• Communication Systems and Components Radio frequencies—assigned and licensed by the Federal Communications Commission (FCC) Copyright © 2007, 2005 by Mosby, Inc., an affiliate of Elsevier Inc. All rights reserved. Slide 10
    • Communication Systems and Components System maintenance  Communication equipment needs to be checked periodically by a qualified technician Copyright © 2007, 2005 by Mosby, Inc., an affiliate of Elsevier Inc. All rights reserved. Slide 11
    • Communication Systems and Components As technology changes, new equipment becomes available that may have a role in EMS systems Copyright © 2007, 2005 by Mosby, Inc., an affiliate of Elsevier Inc. All rights reserved. Slide 12
    • Communication Systems and Components Since EMT-Basics may need to be able to consult online medical direction, an EMS system must provide a backup in case the usual procedures do not work Copyright © 2007, 2005 by Mosby, Inc., an affiliate of Elsevier Inc. All rights reserved. Slide 13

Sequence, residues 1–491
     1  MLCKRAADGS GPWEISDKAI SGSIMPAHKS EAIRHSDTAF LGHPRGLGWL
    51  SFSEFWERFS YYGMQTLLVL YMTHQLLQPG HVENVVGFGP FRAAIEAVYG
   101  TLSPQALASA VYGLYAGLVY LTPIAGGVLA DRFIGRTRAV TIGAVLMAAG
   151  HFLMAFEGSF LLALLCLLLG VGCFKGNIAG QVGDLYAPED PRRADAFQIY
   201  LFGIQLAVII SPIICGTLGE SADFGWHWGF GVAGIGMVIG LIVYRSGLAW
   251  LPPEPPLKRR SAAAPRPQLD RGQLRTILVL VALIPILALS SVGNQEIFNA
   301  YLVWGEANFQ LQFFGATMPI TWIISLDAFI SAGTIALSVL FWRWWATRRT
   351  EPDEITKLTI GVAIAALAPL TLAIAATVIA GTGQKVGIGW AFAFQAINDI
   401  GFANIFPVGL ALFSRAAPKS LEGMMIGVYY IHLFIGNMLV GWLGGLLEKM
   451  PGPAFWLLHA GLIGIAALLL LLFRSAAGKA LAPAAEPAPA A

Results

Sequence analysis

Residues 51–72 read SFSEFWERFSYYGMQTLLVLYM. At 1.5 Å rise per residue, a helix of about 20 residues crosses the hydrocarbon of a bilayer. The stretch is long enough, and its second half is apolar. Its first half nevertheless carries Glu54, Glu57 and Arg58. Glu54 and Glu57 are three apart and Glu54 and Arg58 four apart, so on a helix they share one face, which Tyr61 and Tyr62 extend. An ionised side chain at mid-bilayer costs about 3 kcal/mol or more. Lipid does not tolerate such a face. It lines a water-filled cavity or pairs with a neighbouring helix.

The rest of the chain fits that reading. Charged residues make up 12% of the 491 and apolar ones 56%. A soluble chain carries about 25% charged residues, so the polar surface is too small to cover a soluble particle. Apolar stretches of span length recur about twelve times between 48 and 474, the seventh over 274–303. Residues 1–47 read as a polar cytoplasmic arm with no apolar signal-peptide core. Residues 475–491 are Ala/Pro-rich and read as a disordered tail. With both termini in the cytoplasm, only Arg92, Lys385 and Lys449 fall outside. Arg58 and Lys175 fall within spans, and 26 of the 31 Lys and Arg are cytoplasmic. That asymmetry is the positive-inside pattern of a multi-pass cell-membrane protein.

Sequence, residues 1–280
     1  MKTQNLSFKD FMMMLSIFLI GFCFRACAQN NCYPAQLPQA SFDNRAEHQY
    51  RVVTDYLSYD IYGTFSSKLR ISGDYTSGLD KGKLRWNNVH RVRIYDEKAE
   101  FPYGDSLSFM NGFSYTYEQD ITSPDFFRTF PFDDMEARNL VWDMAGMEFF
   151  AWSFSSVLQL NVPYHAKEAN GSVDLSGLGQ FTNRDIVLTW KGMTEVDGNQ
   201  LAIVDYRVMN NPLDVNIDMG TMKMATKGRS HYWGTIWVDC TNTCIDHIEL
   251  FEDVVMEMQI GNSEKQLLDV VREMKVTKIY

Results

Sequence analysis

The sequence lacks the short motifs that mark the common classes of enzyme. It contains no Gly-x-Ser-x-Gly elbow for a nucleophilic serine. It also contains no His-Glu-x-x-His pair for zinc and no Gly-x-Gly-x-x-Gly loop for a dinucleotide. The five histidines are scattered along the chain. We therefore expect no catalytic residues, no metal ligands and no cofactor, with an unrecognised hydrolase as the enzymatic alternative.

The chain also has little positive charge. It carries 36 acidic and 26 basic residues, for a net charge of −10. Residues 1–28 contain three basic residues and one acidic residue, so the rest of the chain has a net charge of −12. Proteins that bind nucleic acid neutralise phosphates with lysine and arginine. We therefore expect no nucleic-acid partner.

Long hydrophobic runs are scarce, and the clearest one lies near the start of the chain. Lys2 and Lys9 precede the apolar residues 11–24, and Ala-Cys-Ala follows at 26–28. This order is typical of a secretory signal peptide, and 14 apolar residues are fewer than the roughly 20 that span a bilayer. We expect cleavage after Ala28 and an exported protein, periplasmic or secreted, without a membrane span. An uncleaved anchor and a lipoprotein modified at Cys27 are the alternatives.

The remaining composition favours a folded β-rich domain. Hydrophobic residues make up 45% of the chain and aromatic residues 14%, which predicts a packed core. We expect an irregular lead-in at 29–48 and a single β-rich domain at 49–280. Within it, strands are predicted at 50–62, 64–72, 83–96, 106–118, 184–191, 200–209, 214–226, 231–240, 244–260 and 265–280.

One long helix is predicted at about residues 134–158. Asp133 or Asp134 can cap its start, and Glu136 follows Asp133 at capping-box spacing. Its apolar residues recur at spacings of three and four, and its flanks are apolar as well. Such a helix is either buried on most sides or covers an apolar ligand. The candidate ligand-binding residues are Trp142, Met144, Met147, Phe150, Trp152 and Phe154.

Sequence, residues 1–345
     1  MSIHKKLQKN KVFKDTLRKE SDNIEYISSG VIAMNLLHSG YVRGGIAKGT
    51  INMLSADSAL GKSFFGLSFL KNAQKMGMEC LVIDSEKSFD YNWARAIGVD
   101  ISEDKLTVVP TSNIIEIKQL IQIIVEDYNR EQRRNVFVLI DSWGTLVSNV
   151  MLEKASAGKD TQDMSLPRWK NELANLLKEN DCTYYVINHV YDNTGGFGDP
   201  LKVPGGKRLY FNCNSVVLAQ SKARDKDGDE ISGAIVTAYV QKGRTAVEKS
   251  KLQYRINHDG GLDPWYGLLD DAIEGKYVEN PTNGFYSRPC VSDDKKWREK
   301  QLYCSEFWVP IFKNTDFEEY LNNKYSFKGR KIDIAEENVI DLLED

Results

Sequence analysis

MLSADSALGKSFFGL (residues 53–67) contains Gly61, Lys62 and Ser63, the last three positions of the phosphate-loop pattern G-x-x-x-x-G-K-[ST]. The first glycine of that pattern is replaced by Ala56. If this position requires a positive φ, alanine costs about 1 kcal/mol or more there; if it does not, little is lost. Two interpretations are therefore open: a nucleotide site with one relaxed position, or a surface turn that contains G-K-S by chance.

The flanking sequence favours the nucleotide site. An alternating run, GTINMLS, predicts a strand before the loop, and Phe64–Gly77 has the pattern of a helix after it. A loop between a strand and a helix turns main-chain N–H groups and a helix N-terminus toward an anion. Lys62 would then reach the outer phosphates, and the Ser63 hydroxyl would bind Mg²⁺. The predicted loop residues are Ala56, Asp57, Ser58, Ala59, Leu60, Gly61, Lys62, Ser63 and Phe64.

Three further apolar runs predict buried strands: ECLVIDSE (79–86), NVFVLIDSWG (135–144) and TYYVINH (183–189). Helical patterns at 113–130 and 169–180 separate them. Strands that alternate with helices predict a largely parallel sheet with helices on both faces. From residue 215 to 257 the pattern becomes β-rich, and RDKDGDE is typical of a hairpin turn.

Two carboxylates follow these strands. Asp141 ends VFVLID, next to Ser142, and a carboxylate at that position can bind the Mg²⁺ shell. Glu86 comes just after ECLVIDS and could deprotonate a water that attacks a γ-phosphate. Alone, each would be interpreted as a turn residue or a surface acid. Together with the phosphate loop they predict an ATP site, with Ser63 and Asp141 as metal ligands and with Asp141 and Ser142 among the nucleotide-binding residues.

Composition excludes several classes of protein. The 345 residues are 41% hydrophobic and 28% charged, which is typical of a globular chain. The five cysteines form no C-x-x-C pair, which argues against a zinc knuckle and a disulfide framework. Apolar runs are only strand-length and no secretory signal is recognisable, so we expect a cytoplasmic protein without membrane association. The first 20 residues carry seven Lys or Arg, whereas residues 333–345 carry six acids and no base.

• Procedure for Radio CommunicationCopyright © 2007, 2005 by Mosby, Inc., an affiliate of Elsevier Inc. All rights reserved. Slide 14
    • Procedure for Radio Communication General principles  Radio is on and volume is properly adjusted  Listen to the frequency and ensure it is clear before beginning a transmission  Press the “press to talk” (PTT) button on the radio and wait for 1 second before speaking Copyright © 2007, 2005 by Mosby, Inc., an affiliate of Elsevier Inc. All rights reserved. Slide 15
    • Procedure for Radio Communication General principles  Speak with lips about 2 to 3 inches from the microphone Copyright © 2007, 2005 by Mosby, Inc., an affiliate of Elsevier Inc. All rights reserved. Slide 16
    • Procedure for Radio Communication General principles  Address the unit being called, then give the name of the unit (and number if appropriate) where the transmission is originating The unit being called will signal that the transmission should start by saying “go ahead” or some other term standard for that area. A response of “stand by” means wait until further notice Copyright © 2007, 2005 by Mosby, Inc., an affiliate of Elsevier Inc. All rights reserved. Slide 17